Access to bone marrow transplantation for leukemia and lymphoma : The role of sociodemographic factors.
Use of bone marrow transplantation (BMT), a complex, costly treatment for many forms of cancers, has increased significantly in recent years.
The increasingly competitive health care marketplace raises concerns about patient access to costly medical procedures such as BMT.
We attempted to evaluate patient access to BMT for the treatment of leukemias and lymphomas.
We analyzed inpatient hospital discharge data rom four states (California, Maryland, Massachusetts, and New York) for 2 years (1988 and 1991) to examine whether the use of BMT for patients with either leukemia or lymphoma varies by sociodemographic characteristics and insurance coverage.
We developed a sorting algorithm to collapse the discharge data into patient level records.
We used logistic regression to analyze the odds of receiving a BMT stratified by disease type (leukemia or lymphoma).
After controlling for other factors, black patients with leukemia are 51% to 53% as likely as whites, while black patients with lymphoma are 34% to 45% as likely as white patients to undergo a BMT (P<. 05).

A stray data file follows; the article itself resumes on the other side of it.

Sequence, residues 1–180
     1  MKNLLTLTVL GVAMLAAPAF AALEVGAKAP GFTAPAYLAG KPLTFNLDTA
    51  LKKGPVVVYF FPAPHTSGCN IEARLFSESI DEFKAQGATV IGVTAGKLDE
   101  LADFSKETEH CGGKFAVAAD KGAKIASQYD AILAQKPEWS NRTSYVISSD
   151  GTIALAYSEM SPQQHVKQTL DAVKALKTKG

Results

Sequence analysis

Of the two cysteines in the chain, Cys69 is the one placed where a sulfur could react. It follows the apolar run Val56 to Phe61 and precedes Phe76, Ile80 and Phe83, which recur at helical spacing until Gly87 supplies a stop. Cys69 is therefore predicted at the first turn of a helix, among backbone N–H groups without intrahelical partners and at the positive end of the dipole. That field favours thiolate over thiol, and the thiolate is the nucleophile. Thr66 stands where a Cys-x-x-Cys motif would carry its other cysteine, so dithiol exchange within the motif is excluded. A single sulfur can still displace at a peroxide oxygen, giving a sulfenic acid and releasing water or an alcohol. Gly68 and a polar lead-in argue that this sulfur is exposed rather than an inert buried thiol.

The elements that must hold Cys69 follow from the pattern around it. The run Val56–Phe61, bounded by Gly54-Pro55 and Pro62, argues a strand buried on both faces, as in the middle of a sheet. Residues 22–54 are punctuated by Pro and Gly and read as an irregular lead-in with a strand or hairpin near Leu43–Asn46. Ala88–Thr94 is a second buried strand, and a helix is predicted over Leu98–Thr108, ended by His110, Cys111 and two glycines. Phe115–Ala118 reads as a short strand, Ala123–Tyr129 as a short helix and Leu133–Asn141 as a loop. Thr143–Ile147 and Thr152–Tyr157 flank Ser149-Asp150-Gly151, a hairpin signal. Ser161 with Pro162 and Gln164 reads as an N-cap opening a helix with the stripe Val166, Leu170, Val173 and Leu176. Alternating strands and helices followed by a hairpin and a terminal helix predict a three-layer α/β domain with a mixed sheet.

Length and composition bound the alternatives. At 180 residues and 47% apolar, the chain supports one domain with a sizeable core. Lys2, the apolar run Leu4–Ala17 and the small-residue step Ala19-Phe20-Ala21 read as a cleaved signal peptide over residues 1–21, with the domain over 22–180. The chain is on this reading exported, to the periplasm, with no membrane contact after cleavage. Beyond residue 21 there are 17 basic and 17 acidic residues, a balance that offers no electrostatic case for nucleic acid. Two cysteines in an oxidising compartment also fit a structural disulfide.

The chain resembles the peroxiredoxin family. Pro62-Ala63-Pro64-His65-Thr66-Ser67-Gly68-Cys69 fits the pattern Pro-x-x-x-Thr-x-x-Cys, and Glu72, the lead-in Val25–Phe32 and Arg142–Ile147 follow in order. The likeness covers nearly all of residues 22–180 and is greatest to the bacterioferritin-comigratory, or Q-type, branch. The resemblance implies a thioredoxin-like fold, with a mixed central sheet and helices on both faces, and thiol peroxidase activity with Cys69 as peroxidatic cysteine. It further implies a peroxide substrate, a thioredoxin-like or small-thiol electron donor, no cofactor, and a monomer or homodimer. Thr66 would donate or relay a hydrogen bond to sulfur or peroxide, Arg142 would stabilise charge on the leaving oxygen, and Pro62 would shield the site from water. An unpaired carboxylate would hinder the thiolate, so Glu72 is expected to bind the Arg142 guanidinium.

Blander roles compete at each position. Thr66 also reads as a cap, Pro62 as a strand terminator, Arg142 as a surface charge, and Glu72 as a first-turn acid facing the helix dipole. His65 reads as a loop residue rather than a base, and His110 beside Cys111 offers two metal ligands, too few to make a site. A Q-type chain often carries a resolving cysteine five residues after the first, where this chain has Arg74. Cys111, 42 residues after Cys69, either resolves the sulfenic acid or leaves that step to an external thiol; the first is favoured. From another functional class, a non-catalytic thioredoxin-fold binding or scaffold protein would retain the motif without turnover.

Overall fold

Medicaid, self-pay patients, and Health Maintenance Organization (HMO) enrollees with either leukemia or lymphoma are significantly less likely to undergo a BMT compared with patients with private insurance.
Younger patients are significantly more predisposed to undergo a BMT than older patients. (...)
Mots-clés Pascal : Leucémie, Homme, Transplantation, Lymphome, Moelle osseuse, Etats Unis, Amérique du Nord, Amérique, Coût, Assurance maladie, Epidémiologie, Hémopathie maligne, Lymphoprolifératif syndrome
Mots-clés Pascal anglais : Leukemia, Human, Transplantation, Lymphoma, Bone marrow, United States, North America, America, Costs, Health insurance, Epidemiology, Malignant hemopathy, Lymphoproliferative syndrome
Notice produite par :
Inist-CNRS - Institut de l'Information Scientifique et Technique
Cote : 97-0384944
Code Inist : 002B27D02. Création : 12/09/1997.